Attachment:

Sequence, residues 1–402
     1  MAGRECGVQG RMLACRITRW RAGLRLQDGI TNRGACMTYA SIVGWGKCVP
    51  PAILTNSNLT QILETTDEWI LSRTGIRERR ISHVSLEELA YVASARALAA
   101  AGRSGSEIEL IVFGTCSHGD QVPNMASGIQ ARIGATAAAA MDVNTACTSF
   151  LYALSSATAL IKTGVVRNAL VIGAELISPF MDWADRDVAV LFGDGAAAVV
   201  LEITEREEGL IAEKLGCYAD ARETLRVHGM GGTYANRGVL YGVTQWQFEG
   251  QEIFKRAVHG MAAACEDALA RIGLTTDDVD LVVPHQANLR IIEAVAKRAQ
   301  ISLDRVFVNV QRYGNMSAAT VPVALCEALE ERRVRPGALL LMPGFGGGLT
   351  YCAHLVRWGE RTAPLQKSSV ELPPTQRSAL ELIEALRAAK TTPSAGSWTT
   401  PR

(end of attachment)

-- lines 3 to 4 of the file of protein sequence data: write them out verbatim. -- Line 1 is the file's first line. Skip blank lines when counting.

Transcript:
    51  PAILTNSNLT QILETTDEWI LSRTGIRERR ISHVSLEELA YVASARALAA
   101  AGRSGSEIEL IVFGTCSHGD QVPNMASGIQ ARIGATAAAA MDVNTACTSF